Teach your children well
Last updated 8/21/2009 at Noon
At my 30th high school reunion, I was instantly reminded that everybody else has kids except me. I never get too upset, though, when the subject comes around because a 3-year-old chihuahua is plenty for my house right now.
You might be alarmed, however, to learn a 47-year-old man is watching a kiddie show called “Yo Gabba Gabba!”
“The Soup” was making fun of it a few months ago; later I was channel-surfing and it was on. My wife and I didn’t know what to make of it but we’ve since continued our viewing. We’re apparently not alone. The show is a cult-favorite with college kids. In the show, host “DJ Lance Rock,” unloads five characters from a giant jam box and brings them to life. They sing songs aimed at preschoolers such as “I’m So Happy” and “Don’t Throw Things at Friends.” Guest stars have included Jack Black, Biz Markie, Mark “That Guy From Devo” Mothersbaugh and Paul Williams, the leprechaun who had several hits in the ‘70s.
As entertainment, it’s interesting to say the least.
But is the show educational? Since I don’t have kids – and I’m not 4 anymore – I’ll let some Internet comments give you a glimpse of the feedback out there. Here are two negative statements followed by two positive odes:
• “I found that ‘Yo Gabba Gabba,’ like many other kid shows currently on TV wasn’t nearly as good or as educational as the classics like ‘Sesame Street,’ ‘Blues Clues,’ ‘Scooby Doo’ etc. And unlike other shows ‘Yo Gabba Gabba’ doesn’t make any sense whatsoever. They think that bright colors, weird costumes and blinking lights are what make a good, educational children’s show.”
• “This show just doesn’t make any sense and every time I see it, I always come away thinking two things – 1. What the heck was that? and 2. There’s a half-hour of my life I’ll never get back. I don’t let my 2-and-a-half-year-old twins watch this because it is just plain out there.”
• “If you have children, nieces or nephews, I strongly recommend this really cute, fun, entertaining and educational show. I guarantee you that they will enjoy it.”
• “My son was born in July, and in September we were channel surfing and he caught a glimpse of Christian Jacobs’ and Scott Schultz’ TV show, and he was transfixed instantly. We wondered if we were imagining things, so we would Tivo the shows and turn them on during random points throughout the day and, honestly, he would stop his babbling, crying, cooing or whatever and watch, and I mean WATCH this show with intensity.”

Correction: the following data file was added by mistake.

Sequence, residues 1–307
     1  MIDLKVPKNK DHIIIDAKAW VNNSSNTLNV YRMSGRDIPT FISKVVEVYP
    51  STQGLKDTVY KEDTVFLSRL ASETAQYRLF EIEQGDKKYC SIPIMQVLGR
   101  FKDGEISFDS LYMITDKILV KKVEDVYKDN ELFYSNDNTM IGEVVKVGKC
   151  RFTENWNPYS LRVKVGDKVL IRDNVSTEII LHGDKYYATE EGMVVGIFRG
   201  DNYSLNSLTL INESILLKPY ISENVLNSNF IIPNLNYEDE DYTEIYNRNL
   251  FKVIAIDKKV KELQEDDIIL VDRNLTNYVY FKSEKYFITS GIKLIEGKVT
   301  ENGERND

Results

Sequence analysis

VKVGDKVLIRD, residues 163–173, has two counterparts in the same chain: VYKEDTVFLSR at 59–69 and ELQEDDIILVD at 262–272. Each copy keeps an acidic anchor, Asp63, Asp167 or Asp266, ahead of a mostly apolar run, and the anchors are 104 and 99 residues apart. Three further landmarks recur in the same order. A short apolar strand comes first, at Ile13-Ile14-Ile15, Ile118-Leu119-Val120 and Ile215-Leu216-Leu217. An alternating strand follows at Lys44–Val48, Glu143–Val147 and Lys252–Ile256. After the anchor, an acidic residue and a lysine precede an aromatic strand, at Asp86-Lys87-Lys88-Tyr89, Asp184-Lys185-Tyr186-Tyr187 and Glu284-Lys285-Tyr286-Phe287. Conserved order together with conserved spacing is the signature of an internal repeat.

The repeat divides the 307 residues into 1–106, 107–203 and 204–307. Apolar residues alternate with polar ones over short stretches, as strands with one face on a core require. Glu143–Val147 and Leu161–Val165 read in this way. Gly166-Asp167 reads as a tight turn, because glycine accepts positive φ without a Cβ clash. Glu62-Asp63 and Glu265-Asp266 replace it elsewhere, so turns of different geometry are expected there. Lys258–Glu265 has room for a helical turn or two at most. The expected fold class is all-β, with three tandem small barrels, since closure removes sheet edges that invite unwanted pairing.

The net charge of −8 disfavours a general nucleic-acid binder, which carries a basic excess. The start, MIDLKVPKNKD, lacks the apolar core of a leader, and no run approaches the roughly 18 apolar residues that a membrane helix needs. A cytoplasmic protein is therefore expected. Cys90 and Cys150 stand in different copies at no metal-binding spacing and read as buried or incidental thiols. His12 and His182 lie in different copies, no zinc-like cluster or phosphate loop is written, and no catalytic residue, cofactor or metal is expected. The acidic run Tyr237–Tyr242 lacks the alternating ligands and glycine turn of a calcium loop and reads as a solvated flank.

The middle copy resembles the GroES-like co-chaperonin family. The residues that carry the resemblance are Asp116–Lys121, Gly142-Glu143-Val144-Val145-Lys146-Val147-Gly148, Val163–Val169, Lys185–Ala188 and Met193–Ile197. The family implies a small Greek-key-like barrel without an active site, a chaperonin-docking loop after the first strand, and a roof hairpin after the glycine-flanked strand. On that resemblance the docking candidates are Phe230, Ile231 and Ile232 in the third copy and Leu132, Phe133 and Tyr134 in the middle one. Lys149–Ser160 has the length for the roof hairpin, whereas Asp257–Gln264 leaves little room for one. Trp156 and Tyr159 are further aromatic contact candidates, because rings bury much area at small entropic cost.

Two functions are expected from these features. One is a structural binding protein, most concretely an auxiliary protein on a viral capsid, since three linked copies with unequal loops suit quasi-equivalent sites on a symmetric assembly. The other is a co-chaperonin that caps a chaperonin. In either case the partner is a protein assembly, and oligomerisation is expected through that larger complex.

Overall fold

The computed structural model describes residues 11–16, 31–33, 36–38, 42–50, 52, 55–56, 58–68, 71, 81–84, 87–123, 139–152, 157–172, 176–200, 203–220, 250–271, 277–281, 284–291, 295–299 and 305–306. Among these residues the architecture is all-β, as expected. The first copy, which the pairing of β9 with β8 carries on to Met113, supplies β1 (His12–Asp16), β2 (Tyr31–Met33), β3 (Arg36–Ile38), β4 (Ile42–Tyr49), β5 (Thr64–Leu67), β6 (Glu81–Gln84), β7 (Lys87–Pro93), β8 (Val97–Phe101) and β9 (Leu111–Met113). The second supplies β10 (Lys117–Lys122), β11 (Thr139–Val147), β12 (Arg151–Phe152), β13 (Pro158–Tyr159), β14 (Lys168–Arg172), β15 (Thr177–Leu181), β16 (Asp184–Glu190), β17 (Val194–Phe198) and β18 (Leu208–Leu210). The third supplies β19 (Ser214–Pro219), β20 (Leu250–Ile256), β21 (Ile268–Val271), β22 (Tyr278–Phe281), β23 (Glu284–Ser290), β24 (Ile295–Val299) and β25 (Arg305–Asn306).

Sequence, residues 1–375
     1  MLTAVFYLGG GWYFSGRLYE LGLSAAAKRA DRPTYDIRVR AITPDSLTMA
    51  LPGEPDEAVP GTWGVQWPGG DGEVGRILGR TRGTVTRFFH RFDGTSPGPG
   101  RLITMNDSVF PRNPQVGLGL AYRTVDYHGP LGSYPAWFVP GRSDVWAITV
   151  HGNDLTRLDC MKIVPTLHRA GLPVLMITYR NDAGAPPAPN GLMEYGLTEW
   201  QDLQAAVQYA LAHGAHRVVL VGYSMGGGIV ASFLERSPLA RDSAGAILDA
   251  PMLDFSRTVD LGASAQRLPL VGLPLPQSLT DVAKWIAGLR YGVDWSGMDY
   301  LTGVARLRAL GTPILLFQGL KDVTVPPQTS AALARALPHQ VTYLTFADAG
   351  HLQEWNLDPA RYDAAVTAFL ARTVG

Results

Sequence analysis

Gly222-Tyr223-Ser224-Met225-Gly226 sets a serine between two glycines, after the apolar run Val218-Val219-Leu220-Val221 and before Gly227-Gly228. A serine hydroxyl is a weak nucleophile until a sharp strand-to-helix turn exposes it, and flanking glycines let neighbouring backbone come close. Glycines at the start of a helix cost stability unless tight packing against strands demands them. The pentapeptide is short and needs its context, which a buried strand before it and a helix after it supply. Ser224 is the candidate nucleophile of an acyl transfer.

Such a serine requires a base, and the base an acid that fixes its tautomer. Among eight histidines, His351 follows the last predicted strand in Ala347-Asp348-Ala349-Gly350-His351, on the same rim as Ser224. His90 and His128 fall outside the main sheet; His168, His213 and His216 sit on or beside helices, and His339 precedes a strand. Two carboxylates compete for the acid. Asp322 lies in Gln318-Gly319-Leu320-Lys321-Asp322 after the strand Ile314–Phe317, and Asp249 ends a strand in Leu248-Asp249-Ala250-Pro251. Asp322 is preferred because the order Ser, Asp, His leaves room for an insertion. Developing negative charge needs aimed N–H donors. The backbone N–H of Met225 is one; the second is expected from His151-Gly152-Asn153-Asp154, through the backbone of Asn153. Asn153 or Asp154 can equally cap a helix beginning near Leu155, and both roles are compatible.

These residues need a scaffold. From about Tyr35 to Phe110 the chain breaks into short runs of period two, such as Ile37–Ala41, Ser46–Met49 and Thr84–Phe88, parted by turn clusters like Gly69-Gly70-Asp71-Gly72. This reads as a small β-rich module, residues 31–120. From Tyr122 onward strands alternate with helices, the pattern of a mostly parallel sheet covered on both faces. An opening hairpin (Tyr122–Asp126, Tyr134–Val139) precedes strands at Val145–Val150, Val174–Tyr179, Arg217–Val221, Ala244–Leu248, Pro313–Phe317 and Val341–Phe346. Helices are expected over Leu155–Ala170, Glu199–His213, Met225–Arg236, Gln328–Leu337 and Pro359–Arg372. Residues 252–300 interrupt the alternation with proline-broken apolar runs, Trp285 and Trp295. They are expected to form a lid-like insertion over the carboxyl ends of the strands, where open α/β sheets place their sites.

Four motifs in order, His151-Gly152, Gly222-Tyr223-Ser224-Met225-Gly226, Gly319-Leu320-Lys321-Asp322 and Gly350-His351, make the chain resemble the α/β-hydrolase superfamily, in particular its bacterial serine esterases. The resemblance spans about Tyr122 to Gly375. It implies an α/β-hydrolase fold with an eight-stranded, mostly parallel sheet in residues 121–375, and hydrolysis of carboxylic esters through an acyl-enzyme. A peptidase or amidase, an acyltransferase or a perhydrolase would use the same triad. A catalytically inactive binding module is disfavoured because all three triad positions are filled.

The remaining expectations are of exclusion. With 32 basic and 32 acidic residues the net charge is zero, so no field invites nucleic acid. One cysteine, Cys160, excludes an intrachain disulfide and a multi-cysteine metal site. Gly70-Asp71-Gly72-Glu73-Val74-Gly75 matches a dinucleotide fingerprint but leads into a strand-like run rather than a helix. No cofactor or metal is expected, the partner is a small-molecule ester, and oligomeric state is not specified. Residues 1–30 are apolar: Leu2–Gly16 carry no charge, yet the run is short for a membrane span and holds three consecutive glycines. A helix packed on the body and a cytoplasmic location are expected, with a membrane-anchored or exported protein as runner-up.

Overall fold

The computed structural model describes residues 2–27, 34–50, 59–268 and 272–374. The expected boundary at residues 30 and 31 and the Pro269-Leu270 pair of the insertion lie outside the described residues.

• • •
Ah. Remember the good old days, when Bert and Ernie were supposed to be gay?
Not to mention Tinky-Winky of the Teletubbies – claimed Jerry Falwell. (Forget Tinky, that Sun-Baby character just CREEPED ME OUT).
Captain Kangaroo had Mister Moose, who played pranks on people mainly by dropping hundreds of ping-pong balls on them. Usually it was the captain.
“Sesame Street” had Oscar the Grouch, who was clinically depressed. The show also had Cookie Monster, who spent many an episode exhibiting classic overeaters’ syndrome.
Like all my columns – I researched this for a whole 10 minutes, and couldn’t find anything wrong with “Mister Rogers’ Neighborhood” – although I’m pretty sure Good King Friday was up to something.
Barney, however, didn’t come away so unscathed. What always amazed me was that his friends on the show were 12 or 13, and here’s Barney teaching them stuff any first-grader should know.
Did a lot of weed really get fired up in Scooby Doo’s Mystery Machine? Did Gilligan and Mary Ann ever you-know-what? Are we reading too much into these things? Is “Yo Gabba Gabba!” really controversy? Or just an update of debates gone by? [firstname.lastname@example.org]